Teungku Chik di Tiro

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Teungku Chik di Tiro
Teungku Chik di Tiro 1961 Indonesia stamp.jpg
Drawing of Teungku Chik di Tiro
Born Muhammad Saman
1836 (1836)
Tiro, Aceh, Dutch East Indies
Died January 21, 1891 (aged 54–55)
Kutaraja, Aceh, Dutch East Indies
Cause of death
Consumption of poisoned food
Resting place
Meureu, Aceh Besar
Nationality Acehnese
Occupation Religious teacher, guerrilla fighter
Religion Islam
Children 5
Relatives Hasan di Tiro (Great grandson)

Muhamad Saman (1836 – 21 January 1891), better known as Teungku Chik di Tiro (usually spelt Cik di Tiro in Indonesia), was an Acehnese guerrilla fighter. On 6 November 1973 he was declared a National Hero of Indonesia.

Biography[edit]

Di Tiro was born to Tengku Sjech Abdullah and Siti Aisyah in Tiro, Pidie, Aceh, Dutch East Indies, in 1836.[1] Until the age of 15, he studied with his father; he then began studying with his uncle, Teungku Chik Dayah Tjut di Tiro.[2] After studying under several more teachers, he moved to Aceh Besar and spent two years there.[2] By day he would study Islam and by night he would join his fellows in fighting against Dutch colonials.[3] He was eventually called home to Tiro, where he began teaching with his uncle.[2][3]

After several years as a teacher, di Tiro went on the hajj to Mecca.[2] There, he met several Islamic leaders and other revolutionaries from Sumatra, Java, and Borneo; through discussions on imperialism and colonialism, di Tiro became more interested in fighting against the Dutch.[2]

One day in 1880, after di Tiro returned to Tiro, a group of guerrilla fighters came through, looking for an ulama (religious leader) to lead the fight.[4] Di Tiro volunteered and joined the guerrillas in their base in Gunung Miram.[4] He then traveled throughout Aceh.[5] Every time he stopped in a town, he would deliver lectures at a mosque about holy war and how it was their duty to fight against unbelievers.[5] At the same time, he sent letters to other ulama to call them to war, determined to have driven the Dutch out of Aceh by 1883.[5][6]

Soon di Tiro and the ulama had collected 6,000 soldiers to fight against the Dutch,[5] as well as the support of the Sultan of Aceh.[7] The Dutch, although aware of the impending rebellion, remained unaware of di Tiro's identity.[5] Soon his troops cut communications between Dutch fortresses and established their own base in Mureu.[5] Previous struggles in the 1870s had led the Dutch to double their numbers in Aceh.[7]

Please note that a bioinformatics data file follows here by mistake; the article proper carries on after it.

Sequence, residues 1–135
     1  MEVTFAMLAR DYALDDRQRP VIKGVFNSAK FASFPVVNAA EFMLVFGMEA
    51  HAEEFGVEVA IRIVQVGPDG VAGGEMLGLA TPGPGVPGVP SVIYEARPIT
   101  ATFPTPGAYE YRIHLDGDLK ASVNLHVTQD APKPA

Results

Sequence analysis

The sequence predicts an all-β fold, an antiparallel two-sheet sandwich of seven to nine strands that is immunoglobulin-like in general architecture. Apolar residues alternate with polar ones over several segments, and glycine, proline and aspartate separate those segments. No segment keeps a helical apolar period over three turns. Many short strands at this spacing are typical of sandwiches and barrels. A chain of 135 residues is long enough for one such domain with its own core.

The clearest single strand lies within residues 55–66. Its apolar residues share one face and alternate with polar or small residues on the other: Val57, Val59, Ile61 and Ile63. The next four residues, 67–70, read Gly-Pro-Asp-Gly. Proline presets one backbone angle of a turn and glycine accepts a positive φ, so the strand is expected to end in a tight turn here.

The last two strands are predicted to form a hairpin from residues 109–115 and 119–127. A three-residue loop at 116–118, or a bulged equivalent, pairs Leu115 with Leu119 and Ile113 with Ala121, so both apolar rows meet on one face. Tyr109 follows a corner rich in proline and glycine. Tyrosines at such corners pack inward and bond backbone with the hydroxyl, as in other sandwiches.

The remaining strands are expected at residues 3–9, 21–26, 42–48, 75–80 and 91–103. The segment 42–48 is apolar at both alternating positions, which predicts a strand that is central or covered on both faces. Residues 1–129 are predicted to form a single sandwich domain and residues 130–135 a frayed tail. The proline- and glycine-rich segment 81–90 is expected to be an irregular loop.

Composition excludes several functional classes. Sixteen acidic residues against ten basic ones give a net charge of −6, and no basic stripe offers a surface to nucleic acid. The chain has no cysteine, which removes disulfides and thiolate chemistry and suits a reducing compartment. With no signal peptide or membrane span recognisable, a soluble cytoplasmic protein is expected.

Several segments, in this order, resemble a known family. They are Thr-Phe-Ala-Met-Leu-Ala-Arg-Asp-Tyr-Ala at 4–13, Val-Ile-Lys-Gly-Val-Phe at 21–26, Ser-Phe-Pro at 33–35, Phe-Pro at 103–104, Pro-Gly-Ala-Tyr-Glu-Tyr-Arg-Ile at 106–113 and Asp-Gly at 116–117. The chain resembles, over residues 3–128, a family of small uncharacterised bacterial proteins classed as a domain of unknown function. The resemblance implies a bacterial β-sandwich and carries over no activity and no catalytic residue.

Teungku Chik di Tiro Muhammad Saman's grave in Mureu, Indrapuri, Aceh Besar

In May 1881, di Tiro and his troops captured the Dutch fortress in Indrapuri, sparking the Aceh War.[7] Thiw was followed by the ones in Krueng Jreu and Gle Kameng.[7] In response, the Dutch reinforced their fortresses in Lambaro, Aneuk Galong, and Samahani.[5] Through 1882 and 1883, the two sides continued to fight, with the Acehnese gaining ground and taking over the island of Breuh.[5][7] In early 1883, di Tiro's forces attacked the Dutch stronghold in Kutaraja (now Banda Aceh); despite failing to take the fort, they succeeded in killing the Dutch controuler.[8] At the peak of the war, the Dutch controlled only 4 square kilometres (1.5 sq mi) of land; before the war, they had controlled nearly all of Aceh.[9]

In April 1884, the sultan was told that di Tiro was now leader of the people.[6] In response, the sultan made a proclamation that he was still sultan; in August di Tiro himself declared that he had no intentions to be sultan.[10]

By 1885, di Tiro felt that the Dutch were ready to capitulate.[8] As such, he sent an ultimatum to Assistant Resident Van Langen, offering peace if the Dutch would convert to Islam.[8] Although some Dutchmen came claiming that they were willing to convert, they were later discovered to be spies.[11] In 1888 di Tiro sent another letter; this one also received no response from the Dutch leadership.[8] He then led more expeditions against Dutch forces, despite still being unable to enter Kutaraja.[8]

Entrance gate to Teungku Chik di Tiro Muhammad Saman's grave

For several more years di Tiro led his troops against the Dutch;[8] the attempts to spy on him led him to declare that he would not rest until all the Dutch were killed.[11] On 21 January 1891, di Tiro was served poisoned food by the son of the leader of Sagi, whom the Dutch had offered a leadership position if he would kill di Tiro; despite being taken to Aneuk Galong fortress to be treated, di Tiro soon died.[12] He was later buried at the family graveyard in Meureu, Aceh Besar.[13] His struggle was continued by other Acehnese figures, including Teuku Umar, Cut Nyak Dhien, and Cut Nyak Meutia, as well as his family.[7][14]

Legacy[edit]

On 6 November 1973, President Suharto declared di Tiro a National Hero of Indonesia through Presidential Decree number 087/TK of 1973.[7] [15] He has numerous streets named after him, including one of the main streets in the well-known suburb of Menteng in Jakarta.[9]

Personal life[edit]

Di Tiro had five sons: Teungku Mat Amin, Teungku Mahidin, Teungku di Tungkob, Teungku di Buket, and Teungku Lambada.[2] Through them he was the great-grandfather of Free Aceh Movement founder Hasan di Tiro.[13]

References[edit]

Footnotes
Bibliography